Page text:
What is Kaizen?
The Kaizen method of continuous incremental improvements is an originally Japanese management concept for gradual, continuous (incremental) change (improvement). Kaizen is actually a way of life philosophy. It assumes that every aspect of our life deserves to be constantly improved. The Kaizen philosophy lies behind many Japanese management concepts such as: Total Quality Control,Quality Control circles, small group activities, labor relations. Key elements of Kaizen are: quality, effort, involvement of all employees,willingness to change, and communication.
Japanese companies distinguish between: Innovation, a radical form of
change, and Kaizen, a continuous form of change. Kaizen means literally:
change (kai) to become good (zen).
The five foundation elements of
- Improved morale.
- Suggestions for improvement.
Out of this foundation, three key factors in Kaizen arise
- Elimination of waste (muda) and inefficiency.
- The Kaizen five-S framework for good housekeeping.
- 1. Seiri – tidiness
- 2. Seiton – orderliness
- 3. Seiso – cleanliness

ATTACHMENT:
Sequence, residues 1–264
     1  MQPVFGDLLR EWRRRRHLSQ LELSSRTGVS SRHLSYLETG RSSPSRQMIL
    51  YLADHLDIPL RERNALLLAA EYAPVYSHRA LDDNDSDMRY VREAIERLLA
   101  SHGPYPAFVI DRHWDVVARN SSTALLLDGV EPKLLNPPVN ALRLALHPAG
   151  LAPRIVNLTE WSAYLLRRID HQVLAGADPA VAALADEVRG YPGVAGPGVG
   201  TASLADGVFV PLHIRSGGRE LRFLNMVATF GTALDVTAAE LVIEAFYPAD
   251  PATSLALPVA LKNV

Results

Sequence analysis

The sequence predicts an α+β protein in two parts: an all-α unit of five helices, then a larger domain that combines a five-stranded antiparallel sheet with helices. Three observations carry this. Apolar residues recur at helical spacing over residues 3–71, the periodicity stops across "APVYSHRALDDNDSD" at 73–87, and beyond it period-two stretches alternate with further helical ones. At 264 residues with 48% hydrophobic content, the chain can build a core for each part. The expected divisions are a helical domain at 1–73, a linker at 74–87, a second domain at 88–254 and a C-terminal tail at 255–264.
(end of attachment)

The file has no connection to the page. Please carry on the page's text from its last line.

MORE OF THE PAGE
- 4. Seiketsu – standardized clean-up
- 5. Shitsuke – discipline
When should the Kaizen philosophy be applied? Although it is difficult to
give generic advice it is clear that it fits well in gradual, incremental
change situations that require long-term change and in collective cultures.
More individual cultures that are more focused on short-term success are
often more conducive to concepts such as
Business Process Reengineering.
Kaizen compared to Business Process Reengineering
When Kaizen is compared with the BPR method it is clear the Kaizen
philosophy is more people-oriented, more easy to implement, but requires
long-term discipline and provides only a small pace of change. The Business
Process Reengineering approach on the other hand is harder,
technology-oriented, it enables radical change but it requires considerable
change management skills.
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